Parking revenues drop in city

By Carmen Hall


Tauranga City Council has collected $1.29 million off motorists parking in the city over the past year.

New figures obtained by the Bay of Plenty Times reveal pay and display revenue was down slightly from $1.37 million in 2011/12 but The Strand has 50 per cent less parking available since the waterfront redevelopment. Parking revenue in that area has fallen from $115,634 to $53,136.

The decision to remove the parks angered the CBD's strongest advocate for free parking, retailer Bill Campbell, who said it had hit businesses hard.

"I think that is one of the big reasons the revenue for council has dropped. Since those carparks have been taken away it's hurt us personally and I think it will be the final nail in the coffin," Mr Campbell said.

At least five customers a day had complained to him about having to pay $3 to park in the central city for one hour, he said.

Tauranga Chamber of Commerce CEO Max Mason said some businesses blamed parking charges for a drop in business.

The council's view was that it would not remove parking charges due to historical financial obligations. he said.

"Whatever the causes we all need to work hard ... to increase foot traffic and there are lots of positive developments planned. But that doesn't help those retailers who are struggling today and if we can support them, we should," Mr Mason said.

Tauranga City Council transportation manager Martin Parkes said revenue from pay and display meters was used to pay for administering parking.

A reintroduction of parking fees on Saturdays from 9am to 1pm that starts this weekend has also angered motorists.

However, Mr Parkes said monitoring had shown there was no discernible change in the number of visitors to the city on Saturday after parking charges were removed two years ago.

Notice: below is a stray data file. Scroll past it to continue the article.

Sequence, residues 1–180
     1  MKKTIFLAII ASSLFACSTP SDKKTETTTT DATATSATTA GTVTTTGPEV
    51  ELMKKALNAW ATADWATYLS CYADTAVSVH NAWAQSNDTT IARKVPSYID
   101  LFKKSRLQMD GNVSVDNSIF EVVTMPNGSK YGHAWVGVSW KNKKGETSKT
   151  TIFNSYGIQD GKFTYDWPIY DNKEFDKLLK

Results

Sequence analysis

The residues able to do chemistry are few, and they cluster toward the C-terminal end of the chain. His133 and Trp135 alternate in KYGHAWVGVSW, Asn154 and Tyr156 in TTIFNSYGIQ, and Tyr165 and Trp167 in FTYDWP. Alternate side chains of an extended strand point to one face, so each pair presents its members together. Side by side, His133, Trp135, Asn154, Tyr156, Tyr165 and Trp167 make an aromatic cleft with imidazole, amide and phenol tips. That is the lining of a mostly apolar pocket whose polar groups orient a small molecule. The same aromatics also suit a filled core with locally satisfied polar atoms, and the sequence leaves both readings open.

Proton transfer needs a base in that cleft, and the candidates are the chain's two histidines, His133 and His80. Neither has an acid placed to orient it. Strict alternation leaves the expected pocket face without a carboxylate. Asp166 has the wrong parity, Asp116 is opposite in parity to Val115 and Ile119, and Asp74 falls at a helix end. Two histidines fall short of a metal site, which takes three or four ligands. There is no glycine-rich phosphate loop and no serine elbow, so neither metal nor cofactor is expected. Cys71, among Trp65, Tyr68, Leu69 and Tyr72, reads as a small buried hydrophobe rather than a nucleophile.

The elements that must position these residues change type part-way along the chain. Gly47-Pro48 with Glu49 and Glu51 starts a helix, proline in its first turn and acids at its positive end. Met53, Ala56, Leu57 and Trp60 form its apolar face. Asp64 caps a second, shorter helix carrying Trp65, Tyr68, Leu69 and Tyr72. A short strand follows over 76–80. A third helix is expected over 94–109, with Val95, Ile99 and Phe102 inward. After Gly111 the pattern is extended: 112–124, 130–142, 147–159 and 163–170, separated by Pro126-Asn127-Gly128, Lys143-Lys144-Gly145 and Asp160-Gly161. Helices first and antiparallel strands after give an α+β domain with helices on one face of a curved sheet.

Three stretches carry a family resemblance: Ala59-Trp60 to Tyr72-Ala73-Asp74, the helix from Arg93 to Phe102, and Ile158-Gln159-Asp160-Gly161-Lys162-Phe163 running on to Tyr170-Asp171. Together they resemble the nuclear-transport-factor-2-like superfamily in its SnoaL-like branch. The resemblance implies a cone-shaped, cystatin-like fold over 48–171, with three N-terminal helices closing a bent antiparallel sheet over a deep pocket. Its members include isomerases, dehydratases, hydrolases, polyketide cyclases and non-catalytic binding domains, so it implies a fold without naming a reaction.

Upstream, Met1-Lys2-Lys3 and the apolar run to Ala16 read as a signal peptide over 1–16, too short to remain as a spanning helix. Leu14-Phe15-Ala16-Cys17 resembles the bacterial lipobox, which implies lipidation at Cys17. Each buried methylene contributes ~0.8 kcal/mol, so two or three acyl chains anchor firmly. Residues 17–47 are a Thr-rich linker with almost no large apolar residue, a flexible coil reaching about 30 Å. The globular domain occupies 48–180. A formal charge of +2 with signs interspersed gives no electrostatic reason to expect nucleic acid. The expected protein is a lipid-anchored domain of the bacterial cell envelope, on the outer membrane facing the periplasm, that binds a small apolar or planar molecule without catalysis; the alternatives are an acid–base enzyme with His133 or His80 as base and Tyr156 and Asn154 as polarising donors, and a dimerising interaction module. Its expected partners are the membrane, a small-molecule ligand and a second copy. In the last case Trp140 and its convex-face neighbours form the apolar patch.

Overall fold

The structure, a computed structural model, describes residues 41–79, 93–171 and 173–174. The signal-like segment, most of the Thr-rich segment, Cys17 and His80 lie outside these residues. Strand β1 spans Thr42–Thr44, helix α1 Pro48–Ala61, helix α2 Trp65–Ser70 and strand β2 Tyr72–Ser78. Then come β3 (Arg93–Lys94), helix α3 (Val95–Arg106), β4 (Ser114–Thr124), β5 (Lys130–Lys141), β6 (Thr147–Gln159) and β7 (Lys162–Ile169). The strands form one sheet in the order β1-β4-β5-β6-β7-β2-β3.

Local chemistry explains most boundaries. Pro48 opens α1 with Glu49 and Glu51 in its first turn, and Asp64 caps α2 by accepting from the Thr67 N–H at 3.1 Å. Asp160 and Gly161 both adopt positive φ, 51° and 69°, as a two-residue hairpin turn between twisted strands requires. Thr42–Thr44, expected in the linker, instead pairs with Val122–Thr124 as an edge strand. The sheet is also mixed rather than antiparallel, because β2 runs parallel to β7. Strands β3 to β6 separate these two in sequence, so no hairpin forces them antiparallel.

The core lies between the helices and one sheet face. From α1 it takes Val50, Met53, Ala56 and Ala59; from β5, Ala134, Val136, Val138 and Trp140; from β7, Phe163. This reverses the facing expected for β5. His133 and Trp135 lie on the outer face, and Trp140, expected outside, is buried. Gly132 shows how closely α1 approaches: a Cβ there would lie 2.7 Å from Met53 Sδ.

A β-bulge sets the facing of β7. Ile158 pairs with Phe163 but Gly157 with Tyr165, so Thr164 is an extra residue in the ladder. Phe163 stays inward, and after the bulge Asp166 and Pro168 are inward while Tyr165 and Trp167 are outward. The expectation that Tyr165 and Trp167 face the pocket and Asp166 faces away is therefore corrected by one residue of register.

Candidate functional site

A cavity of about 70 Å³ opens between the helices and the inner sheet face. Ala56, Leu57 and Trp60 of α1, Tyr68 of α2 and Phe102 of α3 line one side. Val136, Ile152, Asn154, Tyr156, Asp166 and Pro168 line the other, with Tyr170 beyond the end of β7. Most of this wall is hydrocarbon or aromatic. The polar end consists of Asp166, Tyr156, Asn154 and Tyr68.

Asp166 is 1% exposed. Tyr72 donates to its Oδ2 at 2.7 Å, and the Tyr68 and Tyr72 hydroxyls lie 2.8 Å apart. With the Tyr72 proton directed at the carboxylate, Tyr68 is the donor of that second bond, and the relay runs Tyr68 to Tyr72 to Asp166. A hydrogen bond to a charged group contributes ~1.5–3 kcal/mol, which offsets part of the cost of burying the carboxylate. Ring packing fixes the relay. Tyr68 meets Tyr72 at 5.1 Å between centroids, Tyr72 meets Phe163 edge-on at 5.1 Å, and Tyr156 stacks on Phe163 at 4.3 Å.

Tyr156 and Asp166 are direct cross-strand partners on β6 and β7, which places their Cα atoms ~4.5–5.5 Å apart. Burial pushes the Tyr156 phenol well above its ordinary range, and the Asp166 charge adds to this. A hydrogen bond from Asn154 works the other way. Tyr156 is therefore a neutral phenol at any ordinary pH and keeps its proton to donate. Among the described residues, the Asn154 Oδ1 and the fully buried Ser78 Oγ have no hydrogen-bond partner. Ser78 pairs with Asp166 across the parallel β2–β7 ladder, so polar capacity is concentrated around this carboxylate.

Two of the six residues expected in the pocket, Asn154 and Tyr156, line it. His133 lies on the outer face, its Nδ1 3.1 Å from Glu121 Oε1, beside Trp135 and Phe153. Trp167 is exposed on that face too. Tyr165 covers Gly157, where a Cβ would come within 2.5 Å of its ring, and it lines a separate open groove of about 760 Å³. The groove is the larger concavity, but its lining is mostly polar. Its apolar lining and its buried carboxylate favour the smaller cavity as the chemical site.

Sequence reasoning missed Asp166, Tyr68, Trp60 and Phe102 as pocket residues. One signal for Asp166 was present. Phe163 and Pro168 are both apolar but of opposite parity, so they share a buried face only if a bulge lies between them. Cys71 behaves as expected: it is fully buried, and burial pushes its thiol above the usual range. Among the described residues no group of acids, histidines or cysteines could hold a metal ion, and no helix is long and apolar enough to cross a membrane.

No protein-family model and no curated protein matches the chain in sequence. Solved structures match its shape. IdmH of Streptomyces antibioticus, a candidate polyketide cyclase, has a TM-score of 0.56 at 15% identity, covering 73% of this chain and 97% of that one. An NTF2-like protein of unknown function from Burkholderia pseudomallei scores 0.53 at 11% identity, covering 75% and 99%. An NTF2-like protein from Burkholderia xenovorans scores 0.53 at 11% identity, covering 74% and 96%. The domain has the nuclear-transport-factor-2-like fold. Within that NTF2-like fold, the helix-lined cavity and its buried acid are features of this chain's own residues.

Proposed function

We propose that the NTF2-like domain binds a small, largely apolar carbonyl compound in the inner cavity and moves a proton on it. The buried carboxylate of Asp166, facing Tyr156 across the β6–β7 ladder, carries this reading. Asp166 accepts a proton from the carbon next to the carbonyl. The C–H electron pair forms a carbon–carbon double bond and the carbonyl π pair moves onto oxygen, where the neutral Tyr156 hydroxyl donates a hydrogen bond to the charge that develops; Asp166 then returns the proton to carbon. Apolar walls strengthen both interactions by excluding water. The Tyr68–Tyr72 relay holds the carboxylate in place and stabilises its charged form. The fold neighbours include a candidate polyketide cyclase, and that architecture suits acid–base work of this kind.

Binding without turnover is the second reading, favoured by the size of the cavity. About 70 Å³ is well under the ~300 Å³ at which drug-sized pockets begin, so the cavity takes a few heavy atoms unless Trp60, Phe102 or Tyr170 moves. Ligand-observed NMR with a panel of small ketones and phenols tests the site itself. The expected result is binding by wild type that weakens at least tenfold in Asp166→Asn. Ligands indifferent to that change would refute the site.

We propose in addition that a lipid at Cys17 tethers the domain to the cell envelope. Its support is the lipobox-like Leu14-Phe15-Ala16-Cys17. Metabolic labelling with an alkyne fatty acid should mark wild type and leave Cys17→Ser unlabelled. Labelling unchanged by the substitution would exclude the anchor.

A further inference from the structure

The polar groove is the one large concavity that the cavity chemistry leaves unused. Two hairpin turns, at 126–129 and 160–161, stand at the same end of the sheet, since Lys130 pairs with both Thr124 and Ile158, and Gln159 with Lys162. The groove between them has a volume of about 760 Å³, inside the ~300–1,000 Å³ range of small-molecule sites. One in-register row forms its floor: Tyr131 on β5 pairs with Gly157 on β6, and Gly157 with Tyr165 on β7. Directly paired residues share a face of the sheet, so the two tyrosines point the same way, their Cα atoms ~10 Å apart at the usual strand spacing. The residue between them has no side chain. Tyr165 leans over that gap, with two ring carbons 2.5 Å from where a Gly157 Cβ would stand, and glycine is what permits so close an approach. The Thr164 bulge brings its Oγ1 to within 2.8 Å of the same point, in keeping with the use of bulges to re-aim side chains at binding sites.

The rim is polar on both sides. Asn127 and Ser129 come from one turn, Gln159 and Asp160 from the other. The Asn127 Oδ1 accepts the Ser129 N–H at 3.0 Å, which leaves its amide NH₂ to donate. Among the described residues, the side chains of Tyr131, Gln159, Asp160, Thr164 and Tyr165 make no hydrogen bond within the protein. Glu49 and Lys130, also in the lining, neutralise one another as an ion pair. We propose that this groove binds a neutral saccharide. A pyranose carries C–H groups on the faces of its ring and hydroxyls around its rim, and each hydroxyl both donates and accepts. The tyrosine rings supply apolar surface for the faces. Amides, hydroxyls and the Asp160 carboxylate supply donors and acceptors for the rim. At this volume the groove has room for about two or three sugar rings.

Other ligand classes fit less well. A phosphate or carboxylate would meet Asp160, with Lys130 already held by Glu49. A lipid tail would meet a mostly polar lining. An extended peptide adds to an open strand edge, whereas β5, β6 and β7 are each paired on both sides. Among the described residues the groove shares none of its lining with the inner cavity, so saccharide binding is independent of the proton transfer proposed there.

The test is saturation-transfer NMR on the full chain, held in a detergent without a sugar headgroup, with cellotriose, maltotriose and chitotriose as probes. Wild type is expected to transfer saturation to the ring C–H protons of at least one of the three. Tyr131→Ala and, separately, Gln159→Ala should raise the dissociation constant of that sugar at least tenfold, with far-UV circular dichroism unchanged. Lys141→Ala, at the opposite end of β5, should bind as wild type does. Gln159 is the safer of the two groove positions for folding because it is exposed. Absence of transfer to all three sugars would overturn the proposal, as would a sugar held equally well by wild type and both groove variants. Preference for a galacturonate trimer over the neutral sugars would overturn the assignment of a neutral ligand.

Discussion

"Saturday is the busiest shopping day and because time limits in the city centre have been removed there needs to be some mechanism for controlling parking otherwise people will park all day in the same place and no one else would be able to find a park," he said.

Paid parking had increased in Mount Maunganui up from $17,656 to $19,787 but demand was seasonal, Mr Parkes said.

"There is not a high demand for parking at the Mount because spaces are readily available in close proximity to main street where it's free of charge. So the bulk of that money is taken over the summer period when its a high demand for parking from mid-November through to mid-February."

Mount Mainstreet Manager Leanne Brown said the carpark was being used and that was indicative of more people going to the Mount.

"While we appreciate we don't have parking meters in the Mount motorists are still faced with parking tickets for exceeding time limits and other infringements."

But free parking was only one element of Mount Maunganui's success, she said.

"I am reluctant to get into the debate over whether free parking is the answer to issues in other areas of the city. However, we will continue to focus on giving people a reason to come to come here by trying to create some vibrancy ... give people a reason to come and they will."

- Bay of Plenty Times

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